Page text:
Other apostates might find their epiphany in jazz, punk rock or abstract expressionism. For me, Pop Art highlighted what was exaggerated in the mundane. My first glimpse of Andy Warhol made me begin to look at my life -- and my surroundings -- in a startling new way. It gave me the distance necessary to see that what I considered normal and everyday was suffused with unnatural color and unreal appearances.

Something seen can't be unseen.

Subverted by Warhol's Marilyn, I gobbled up Anthony Burgess's "A Clockwork Orange" before I was old enough to rent the movie. I bought Sonic Youth records and listened to them late into my starless nights, filled with a growing sense that in order for me to shoehorn myself into Utah Valley and Mormon life, castration would be insufficient. I'd have to have my brain surgically removed.

I reached the point of do or die.

When I was 17 years old, I chose, like my Mormon ancestors, "do" over "die." Would they have expected anything less of me?

I walked away from all that was everyday and commonplace. I walked away from Utah Valley, family, friends, and everything that was lovingly, or otherwise, familiar. I headed into a world for which my previous life had never prepared me -- a degree in secular, foreign literatures and romances of my own choosing.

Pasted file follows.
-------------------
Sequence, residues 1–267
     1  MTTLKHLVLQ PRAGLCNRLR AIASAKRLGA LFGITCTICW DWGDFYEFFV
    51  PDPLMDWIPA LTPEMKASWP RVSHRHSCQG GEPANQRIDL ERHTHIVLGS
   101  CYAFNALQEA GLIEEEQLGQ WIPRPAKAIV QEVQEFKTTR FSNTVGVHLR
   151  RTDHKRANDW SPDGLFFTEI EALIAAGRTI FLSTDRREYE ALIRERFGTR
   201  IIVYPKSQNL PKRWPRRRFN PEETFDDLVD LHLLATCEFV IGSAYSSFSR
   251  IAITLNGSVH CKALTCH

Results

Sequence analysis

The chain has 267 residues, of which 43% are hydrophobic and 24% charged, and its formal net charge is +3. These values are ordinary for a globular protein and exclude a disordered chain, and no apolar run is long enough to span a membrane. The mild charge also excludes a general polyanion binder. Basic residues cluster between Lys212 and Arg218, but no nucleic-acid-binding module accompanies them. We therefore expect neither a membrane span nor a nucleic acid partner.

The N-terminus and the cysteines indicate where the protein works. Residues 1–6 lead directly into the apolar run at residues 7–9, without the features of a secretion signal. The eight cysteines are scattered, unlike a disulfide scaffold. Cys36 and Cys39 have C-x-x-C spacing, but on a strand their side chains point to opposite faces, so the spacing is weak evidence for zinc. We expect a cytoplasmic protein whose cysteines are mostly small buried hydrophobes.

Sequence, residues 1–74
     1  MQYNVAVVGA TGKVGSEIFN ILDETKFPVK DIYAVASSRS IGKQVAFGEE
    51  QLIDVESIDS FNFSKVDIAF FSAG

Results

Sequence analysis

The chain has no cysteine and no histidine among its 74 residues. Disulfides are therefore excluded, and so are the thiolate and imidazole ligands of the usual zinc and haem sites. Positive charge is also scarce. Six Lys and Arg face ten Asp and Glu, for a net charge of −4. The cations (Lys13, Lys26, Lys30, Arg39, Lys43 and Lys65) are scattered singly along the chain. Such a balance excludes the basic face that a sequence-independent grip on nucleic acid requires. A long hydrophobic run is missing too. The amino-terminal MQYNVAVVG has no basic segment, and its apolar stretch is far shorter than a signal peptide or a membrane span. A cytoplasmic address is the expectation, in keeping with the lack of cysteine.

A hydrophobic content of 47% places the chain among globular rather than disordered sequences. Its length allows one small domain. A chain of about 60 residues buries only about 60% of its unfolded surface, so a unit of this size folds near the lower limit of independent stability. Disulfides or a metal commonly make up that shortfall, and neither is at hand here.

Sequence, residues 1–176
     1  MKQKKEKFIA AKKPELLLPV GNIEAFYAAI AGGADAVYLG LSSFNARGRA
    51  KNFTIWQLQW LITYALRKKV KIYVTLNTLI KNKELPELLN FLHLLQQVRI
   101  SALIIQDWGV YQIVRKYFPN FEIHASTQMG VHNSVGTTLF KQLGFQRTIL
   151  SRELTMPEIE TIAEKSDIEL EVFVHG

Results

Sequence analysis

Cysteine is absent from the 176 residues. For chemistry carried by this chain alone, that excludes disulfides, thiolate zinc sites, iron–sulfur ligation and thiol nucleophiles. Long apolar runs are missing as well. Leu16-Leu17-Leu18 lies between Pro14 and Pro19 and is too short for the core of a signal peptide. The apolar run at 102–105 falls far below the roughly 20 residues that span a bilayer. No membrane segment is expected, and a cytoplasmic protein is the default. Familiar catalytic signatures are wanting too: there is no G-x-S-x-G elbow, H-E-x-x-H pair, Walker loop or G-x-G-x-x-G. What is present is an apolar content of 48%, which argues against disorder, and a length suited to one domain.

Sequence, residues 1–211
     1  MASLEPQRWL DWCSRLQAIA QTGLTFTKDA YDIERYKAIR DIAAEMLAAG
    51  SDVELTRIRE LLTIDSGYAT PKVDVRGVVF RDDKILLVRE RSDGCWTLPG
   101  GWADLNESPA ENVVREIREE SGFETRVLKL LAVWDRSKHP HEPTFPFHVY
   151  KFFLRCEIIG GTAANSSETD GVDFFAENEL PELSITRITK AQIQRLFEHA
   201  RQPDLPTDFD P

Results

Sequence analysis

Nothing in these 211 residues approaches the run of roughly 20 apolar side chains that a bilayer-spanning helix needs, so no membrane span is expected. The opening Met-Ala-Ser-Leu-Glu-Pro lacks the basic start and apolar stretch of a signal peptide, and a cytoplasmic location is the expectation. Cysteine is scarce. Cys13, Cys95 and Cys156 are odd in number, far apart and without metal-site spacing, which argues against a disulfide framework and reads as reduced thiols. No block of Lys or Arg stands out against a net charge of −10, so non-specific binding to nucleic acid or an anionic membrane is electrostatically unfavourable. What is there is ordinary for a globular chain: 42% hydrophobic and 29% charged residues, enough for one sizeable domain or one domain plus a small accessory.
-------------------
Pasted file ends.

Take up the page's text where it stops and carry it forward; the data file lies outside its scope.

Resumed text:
The Church has changed since my days. It has tried to update and soften its teachings on masturbation, issuing new versions of its literature for youth with slightly less condemning language, but it cannot help the culture of shame and denial embedded inside the faith (for instance, Packer's pamphlet about little factories and release valves is still distributed on the Church's website.)

Blogs like The Mormon Therapist offer regular challenges to these aspects of the Church's doctrine, which I watch from the sidelines, glad that there are still people with the patience, faith and resolve to change it from within.

But all of that is in my rear-view mirror now.

While making my way to my own private Zion, I heard a song by Michelle Shocked, another Mormon who walked away, but whose lyrics I think my Mormon ancestors would have appreciated:

What the hell'd you let them break your spirit for?
You know, their lives ran in circles so small.
Ah, they thought they'd seen it all.
And they could not make a place for a girl who'd seen the ocean.

I had seen the ocean, and I wasn't going back to the desert ever again.

By Adam Streeter

Adam Streeter was born and raised in Utah Valley, and graduated from Utah Valley University where he studied Russian and English literature. He now lives in Yucatan, Mexico where he studies contemporary Maya and is finishing his first novel.